I read all their sex articles just because I found anything sex-related titillating, but along the way, I learned all about different tricks to please men – and cis men, specifically. By the time I encountered a real-life penis, I already knew all the basic tricks in the book, plus some out-there ones my dude friends urged me not to try.

I don’t know what most teenage boys’ secret reading material was, but there aren’t many mainstream men’s magazines as obsessed with pleasing women as women’s are with pleasing men. If anything, I’ve heard it’s common for boys to sneak glimpses of Playboy, which is also geared toward pleasing men.

Maybe this explains why 25% of men and 30% of women can’t locate the clitoris on a diagram.

Amid all the advice we read about different ways to hold and touch a penis, many remain in the dark about vulvas and vaginas.


5. Hookup Culture Privileges Male Pleasure

“I will do everything in my power to, like whoever I’m with, to get [him] off,” one woman said in a study by Elizabeth Armstrong on college hookups. But when it came to their own pleasure, women held different expectations.

The guy kind of expects to get off, while the girl doesn’t expect anything,” a woman in another study by Lisa Wade said.

Accordingly, one man in Armstrong’s study boasted, “I’m all about making her orgasm,” but when asked to clarify the word “her,” he added, “Girlfriend her. In a hookup her, I don’t give a shit.” Perhaps he sensed that women don’t expect much from their hookups.

Statistics about women’s orgasms reflect these attitudes.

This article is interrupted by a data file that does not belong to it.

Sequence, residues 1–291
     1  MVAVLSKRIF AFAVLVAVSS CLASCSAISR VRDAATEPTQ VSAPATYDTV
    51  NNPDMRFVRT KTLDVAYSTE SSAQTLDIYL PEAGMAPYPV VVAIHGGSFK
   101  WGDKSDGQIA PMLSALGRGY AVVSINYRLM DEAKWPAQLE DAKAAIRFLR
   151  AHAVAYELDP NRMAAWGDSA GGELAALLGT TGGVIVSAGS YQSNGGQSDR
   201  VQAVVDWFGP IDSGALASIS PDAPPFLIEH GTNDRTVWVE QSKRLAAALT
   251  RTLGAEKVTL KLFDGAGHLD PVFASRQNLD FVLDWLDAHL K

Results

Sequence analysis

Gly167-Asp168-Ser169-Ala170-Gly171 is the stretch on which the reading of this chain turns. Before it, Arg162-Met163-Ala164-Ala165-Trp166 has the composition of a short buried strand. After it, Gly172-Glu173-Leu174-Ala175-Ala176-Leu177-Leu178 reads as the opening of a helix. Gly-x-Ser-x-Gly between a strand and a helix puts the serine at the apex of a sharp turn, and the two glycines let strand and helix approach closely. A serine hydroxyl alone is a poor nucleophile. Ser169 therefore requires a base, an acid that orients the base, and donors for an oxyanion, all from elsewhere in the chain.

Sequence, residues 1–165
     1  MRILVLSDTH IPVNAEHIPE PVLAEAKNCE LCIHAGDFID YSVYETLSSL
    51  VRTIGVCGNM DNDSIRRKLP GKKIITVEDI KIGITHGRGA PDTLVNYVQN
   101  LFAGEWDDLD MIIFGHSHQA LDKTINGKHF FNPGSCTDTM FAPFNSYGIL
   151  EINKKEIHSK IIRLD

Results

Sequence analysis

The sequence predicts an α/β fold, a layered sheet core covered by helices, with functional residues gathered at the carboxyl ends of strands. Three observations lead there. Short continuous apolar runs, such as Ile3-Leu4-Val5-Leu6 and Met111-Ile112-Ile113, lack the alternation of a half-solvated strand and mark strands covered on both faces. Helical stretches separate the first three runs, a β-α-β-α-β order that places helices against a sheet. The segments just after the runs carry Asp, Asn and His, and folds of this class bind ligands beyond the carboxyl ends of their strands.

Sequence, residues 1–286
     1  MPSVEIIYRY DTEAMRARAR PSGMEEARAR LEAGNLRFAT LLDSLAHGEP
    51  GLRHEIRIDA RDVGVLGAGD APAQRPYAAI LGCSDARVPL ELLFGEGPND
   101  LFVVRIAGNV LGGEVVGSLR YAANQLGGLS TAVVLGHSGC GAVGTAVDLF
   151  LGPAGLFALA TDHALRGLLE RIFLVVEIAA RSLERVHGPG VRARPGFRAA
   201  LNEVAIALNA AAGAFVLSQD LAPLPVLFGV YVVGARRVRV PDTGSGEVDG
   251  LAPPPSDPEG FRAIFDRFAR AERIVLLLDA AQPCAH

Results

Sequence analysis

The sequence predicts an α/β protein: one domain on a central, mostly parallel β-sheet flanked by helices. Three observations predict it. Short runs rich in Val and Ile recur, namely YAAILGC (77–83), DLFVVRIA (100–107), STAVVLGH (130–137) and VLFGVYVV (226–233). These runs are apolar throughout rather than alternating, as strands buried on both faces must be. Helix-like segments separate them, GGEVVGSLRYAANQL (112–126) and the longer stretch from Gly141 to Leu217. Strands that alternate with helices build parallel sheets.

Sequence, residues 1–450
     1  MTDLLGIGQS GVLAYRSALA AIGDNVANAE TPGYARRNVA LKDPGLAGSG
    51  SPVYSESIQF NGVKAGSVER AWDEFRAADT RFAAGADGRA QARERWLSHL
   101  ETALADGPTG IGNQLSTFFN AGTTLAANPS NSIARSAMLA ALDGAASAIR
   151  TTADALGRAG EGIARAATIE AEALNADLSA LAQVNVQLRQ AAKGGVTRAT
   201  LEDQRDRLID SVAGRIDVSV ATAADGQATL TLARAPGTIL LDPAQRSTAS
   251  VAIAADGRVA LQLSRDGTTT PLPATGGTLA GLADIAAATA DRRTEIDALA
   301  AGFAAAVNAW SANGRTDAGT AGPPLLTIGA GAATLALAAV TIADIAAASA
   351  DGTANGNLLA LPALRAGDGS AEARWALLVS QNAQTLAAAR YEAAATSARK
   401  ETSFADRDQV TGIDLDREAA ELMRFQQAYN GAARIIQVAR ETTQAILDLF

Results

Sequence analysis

The ratio of men’s and women’s orgasms is 3.1:1 for first-time hookups, but only 1.25:1 for relationships.

For whatever reason, hookup culture appears to have embraced the message espoused by the media that women’s orgasms are optional, while men’s are obligatory.


6. Sex Education Doesn’t Teach Us About Pleasure, Especially Female Pleasure

Like many schools in the US, mine only had a couple of days a year dedicated to sex education in middle and high school. During the initial classes on puberty, the portion about women was on periods and the portion about men was on erections, ejaculation, and wet dreams.

Already, our bodies were associated with making babies, while boys’ were associated with sexual arousal and pleasure.

Later on, we learned how to use a condom – along with how to complete a very normative sequence of events. You put it on, we were told, and then you have intercourse, and then someone ejaculates, and then you pull out and take it off. Men’s orgasms, but not women’s, were built into our safer sex lesson.